“No Spectators: the Art of Burning Man” in Virtual Reality

Each year in Nevada’s Black Rock Desert, a city of more than 70,000 people rises out of the dust for a single week. During that time, enormous experimental art installations are erected and many are ritually burned to the ground. The thriving temporary metropolis known as Burning Man is a hotbed of artistic ingenuity, driving innovation through its principles of radical self-expression, decommodification, communal participation, and reverence for the handmade.

Pink, green, and blue lighted mushrooms against a dark, cloudy sky in a flat desert landscape.
FoldHaus, “Shrumen Lumen,” 2016. Photo by Rene Smith.

From March 30, 2018–January 21, 2019, the exhibition No Spectators: The Art of Burning Man brought the large-scale, participatory work from this desert gathering to the Smithsonian American Art Museum’s Renwick Gallery. The exhibition took over the entire museum building as well as the surrounding Golden Triangle neighborhood. The high level of public interest in the content of the exhibition, combined with sponsorship support from Intel—a company known for technological innovation—came together to present a unique opportunity: the possibility of capturing the entire presentation in 3D and making it freely available to the public as a room-scale VR experience.

Three long dress costumes on mannequins flank an arched doorway
“No Spectators: the Art of Burning Man” gallery installation view at the Renwick Gallery, 2018. Photo by Ron Blunt.

Over a series of weeks during the run of the exhibition, the entirety of the Renwick Gallery and the artworks featured in No Spectators were captured before and after-hours using photogrammetry and high-resolution photography.  The process was documented in detail by Intel, who ended up producing a popular web series about the 3D digitization process and the No Spectators exhibition.  The resulting product, a digital version of the Renwick Gallery, was published on a social VR platform, Sansar.  It was, and is, freely available to any who have access to gaming-capable PCs, with or without VR headsets such as the Oculus Rift or HTC Vive, either on Sansar.com or via the Steam platform.  Sansar’s unique social capabilities mean that exhibition curator Nora Atkinson, via her avatar, was able to lead virtual gallery tours with visitors in real-time, with participants from around the country and the world.  Nearly all of these virtual visitors had not otherwise seen the exhibition.  In the times when Nora is not online, visitors are free to explore the full Renwick Gallery exhibition as their own pace and interests permits.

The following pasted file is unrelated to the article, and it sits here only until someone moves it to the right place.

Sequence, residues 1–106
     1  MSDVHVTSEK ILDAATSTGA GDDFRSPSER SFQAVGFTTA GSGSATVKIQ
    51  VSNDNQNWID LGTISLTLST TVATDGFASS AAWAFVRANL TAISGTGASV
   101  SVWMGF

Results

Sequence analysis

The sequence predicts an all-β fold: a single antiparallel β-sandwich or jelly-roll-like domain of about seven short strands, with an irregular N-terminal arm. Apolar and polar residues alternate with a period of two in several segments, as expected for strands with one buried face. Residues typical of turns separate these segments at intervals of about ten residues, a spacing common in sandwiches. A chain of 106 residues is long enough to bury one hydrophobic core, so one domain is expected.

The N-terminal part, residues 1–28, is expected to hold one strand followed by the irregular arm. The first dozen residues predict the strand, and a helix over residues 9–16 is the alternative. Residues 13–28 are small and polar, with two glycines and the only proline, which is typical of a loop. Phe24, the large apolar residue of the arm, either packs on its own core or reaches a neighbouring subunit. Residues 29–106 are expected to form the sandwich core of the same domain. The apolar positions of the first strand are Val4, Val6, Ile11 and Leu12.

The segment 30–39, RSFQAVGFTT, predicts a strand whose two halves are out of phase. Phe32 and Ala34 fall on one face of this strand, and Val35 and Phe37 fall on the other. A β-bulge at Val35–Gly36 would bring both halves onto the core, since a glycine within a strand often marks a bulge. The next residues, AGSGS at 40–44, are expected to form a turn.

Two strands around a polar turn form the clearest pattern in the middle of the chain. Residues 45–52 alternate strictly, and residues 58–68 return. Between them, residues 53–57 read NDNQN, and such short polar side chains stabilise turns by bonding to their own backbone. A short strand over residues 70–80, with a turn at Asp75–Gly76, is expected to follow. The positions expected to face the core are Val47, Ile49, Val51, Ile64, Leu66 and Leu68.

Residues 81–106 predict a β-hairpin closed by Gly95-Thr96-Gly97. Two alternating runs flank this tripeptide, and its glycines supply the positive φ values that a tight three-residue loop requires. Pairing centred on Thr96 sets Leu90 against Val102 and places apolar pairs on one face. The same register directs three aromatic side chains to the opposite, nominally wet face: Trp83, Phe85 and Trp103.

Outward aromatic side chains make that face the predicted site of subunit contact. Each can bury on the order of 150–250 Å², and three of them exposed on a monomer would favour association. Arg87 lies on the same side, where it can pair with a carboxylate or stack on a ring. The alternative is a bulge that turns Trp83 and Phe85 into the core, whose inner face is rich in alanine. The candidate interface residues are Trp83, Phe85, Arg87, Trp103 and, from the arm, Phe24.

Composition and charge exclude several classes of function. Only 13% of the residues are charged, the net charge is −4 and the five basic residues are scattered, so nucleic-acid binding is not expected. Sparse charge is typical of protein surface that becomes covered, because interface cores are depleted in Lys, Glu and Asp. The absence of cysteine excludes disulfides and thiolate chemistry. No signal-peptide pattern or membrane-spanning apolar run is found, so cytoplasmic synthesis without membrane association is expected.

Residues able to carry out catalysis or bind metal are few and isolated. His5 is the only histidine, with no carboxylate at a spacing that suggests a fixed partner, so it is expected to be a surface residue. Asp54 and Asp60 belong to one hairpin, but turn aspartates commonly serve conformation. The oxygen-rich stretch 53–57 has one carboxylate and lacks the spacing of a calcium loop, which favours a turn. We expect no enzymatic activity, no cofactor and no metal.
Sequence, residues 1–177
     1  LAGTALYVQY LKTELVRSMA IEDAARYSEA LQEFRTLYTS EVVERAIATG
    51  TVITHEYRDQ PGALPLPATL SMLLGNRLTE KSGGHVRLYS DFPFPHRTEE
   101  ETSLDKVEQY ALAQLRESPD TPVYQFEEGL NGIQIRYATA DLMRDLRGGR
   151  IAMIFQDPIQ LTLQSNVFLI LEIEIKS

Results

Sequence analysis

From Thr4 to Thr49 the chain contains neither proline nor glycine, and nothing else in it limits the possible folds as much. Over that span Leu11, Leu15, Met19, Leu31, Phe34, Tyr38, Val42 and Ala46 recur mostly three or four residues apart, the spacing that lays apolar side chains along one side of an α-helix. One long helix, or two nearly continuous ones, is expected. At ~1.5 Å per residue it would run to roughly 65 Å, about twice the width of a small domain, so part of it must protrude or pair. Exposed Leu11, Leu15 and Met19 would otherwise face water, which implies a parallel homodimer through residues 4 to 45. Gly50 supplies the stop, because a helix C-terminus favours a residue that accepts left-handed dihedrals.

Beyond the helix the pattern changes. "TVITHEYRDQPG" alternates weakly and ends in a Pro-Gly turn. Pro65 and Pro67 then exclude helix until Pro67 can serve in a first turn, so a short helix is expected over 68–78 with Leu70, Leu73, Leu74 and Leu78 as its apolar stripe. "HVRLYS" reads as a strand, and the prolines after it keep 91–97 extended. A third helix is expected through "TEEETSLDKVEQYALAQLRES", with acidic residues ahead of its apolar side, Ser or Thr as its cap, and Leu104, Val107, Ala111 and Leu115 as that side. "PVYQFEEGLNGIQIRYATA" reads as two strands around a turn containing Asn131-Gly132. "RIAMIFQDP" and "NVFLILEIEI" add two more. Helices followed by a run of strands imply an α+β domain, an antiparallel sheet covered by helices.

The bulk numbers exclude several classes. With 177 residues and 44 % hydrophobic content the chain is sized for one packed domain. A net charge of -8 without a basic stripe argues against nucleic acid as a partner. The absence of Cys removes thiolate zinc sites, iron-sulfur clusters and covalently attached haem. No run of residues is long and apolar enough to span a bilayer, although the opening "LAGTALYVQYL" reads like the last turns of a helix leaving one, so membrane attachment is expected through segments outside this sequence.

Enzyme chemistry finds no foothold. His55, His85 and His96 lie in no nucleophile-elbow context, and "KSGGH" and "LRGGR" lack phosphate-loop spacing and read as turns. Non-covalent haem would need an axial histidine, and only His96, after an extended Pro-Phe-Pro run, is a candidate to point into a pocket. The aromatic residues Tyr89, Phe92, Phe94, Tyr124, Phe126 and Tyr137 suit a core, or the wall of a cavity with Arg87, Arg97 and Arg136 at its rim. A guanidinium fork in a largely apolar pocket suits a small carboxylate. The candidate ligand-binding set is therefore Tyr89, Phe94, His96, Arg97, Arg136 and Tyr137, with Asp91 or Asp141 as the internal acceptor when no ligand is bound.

Animated, realistic female figure in a spacesuit, standing in a desert landscape near a large scale sculpture of a nude woman
The Sansar VR avatar for Renwick Gallery curator Nora Atkinson gives a virtual tour of “No Spectators: the Art of Burning Man”


Renwick Gallery curator Nora Atkinson as seen in real life, giving a VR tour of “No Spectators: the Art of Burning Man” at SAAM’s Washington, D.C. offices.

Although SAAM has been experimenting with VR since 2016, the No Spectators exhibition project is the most ambitious and innovative 3D digitization and VR project we have ever undertaken, and, due to the social component, is one that we feel is entirely unique within the museum world.

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